In our new moral order, unborn babies must be protected from all harms—except abortion. The Economist has two pieces in its latest issue (“Unequal Beginnings” and “Huffing and Puffing”) that make the case for public policy that reduces harm to unborn babies. “Unequal Beginnings” argues that new science has uncovered just how serious and lasting stress, pollution, or health harms to unborn babies can be to their later development. It then goes on to note that, for example, “Alaska is installing free pregnancy-test dispensers in bars in an attempt to cut the rate of fetal-alchohol syndrome.” In “Huffing and Puffing,” the authors report that in some countries, women still smoke “right through pregnancy”—including 18 percent of pregnant women in France. How to stop it?
One promising approach is paying women to quit. A recent trial in Scotland gave up to £400 ($590) in shopping vouchers for women who stayed off cigarettes until their babies were born, as well as the usual package of counselling and nicotine patches. The success rate rose from 9% to 23%. If further trials show similar results, the scheme may go nationwide. Even smaller amounts may help: the state of Maryland recently started giving pregnant women who call a smoking-cessation service up to $90 in shopping vouchers that can be used to buy items for the baby. To get the full amount they must keep calling after the baby is born. (Figures from many countries suggest that at least half those who quit during pregnancy start again soon after giving birth.)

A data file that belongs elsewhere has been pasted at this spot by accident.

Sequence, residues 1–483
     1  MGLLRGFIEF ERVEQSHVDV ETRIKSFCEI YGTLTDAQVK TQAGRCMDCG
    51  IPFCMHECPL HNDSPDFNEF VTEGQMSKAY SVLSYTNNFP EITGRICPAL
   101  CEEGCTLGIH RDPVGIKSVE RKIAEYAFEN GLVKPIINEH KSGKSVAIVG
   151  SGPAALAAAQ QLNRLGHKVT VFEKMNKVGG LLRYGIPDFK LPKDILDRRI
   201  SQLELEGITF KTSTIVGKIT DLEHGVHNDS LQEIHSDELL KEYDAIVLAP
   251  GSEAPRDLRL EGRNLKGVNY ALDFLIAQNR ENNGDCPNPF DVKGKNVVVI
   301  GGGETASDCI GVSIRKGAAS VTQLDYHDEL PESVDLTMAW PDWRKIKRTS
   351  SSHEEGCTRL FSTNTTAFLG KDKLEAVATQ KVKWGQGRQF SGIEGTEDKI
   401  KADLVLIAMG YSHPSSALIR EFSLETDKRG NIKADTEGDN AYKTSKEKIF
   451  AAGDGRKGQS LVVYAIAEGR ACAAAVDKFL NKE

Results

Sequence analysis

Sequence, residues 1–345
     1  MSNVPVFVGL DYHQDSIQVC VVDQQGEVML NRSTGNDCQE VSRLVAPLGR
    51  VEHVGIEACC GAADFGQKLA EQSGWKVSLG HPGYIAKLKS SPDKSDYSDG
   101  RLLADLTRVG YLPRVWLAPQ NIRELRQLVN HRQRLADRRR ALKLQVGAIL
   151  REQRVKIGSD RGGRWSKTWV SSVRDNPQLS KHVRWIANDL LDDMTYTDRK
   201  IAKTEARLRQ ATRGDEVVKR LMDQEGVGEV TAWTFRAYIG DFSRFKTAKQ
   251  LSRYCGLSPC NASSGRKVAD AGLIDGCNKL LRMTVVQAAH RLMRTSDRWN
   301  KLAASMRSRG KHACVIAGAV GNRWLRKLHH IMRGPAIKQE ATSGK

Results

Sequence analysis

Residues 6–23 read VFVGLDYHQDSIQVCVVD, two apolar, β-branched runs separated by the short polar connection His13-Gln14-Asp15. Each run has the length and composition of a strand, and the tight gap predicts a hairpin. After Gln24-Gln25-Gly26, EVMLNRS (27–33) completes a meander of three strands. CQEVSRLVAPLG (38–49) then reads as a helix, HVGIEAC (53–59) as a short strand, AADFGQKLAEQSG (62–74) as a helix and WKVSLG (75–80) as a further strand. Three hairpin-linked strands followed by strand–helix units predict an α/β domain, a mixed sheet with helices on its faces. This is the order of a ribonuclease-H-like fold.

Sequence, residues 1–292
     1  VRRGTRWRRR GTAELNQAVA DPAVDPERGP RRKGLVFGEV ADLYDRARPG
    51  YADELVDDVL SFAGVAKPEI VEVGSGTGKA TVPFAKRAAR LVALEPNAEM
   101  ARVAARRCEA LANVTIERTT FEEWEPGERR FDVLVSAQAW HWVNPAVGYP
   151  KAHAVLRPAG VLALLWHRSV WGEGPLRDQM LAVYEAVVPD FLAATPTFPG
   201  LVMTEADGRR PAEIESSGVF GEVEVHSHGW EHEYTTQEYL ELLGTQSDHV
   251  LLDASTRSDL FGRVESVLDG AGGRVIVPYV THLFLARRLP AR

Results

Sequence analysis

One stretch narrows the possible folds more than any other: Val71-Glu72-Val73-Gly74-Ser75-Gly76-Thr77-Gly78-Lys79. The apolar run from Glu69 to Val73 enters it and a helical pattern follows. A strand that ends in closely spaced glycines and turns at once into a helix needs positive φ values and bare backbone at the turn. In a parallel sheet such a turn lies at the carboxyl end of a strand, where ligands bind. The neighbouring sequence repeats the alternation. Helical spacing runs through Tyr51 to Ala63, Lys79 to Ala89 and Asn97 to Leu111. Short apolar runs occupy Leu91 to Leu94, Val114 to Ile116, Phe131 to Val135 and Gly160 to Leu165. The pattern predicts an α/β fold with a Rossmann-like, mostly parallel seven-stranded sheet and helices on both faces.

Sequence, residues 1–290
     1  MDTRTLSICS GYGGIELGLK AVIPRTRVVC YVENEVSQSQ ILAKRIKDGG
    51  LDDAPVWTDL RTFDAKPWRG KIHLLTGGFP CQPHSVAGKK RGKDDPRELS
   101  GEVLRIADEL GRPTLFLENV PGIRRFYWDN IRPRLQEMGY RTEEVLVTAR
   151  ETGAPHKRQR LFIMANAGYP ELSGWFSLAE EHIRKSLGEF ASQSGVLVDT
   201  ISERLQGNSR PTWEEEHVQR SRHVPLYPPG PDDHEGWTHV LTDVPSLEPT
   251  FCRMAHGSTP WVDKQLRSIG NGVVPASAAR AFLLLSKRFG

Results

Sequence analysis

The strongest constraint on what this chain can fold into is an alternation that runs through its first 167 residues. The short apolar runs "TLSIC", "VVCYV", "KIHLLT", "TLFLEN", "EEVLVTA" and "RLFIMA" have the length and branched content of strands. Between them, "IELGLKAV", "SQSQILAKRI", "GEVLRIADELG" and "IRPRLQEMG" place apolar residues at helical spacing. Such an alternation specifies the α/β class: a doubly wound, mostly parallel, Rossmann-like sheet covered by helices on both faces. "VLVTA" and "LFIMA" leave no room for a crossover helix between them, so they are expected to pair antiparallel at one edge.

The concern for the health and future development of unborn babies displayed here is admirable, of course. And this kind of mindset looks to be a new vanguard. When both The Economist and Cosmopolitan come out almost at the same time with pieces on how smoking harms unborn babies, you know a trend is afoot. But this mindset co-exists strangely with the left’s avowedly pro-choice politics. As Mollie Hemingway put it about Cosmo’s concerns about pregnant smoking mothers: “So they’re totally fine with offing a child in utero even in late-term abortion—but they don’t want that same child to have to deal with cigarette smoke?” Just how long can people keep walking that tightrope? If advocacy in favor of improving unborn babies’ health keeps increasing, perhaps not as long as some might hope.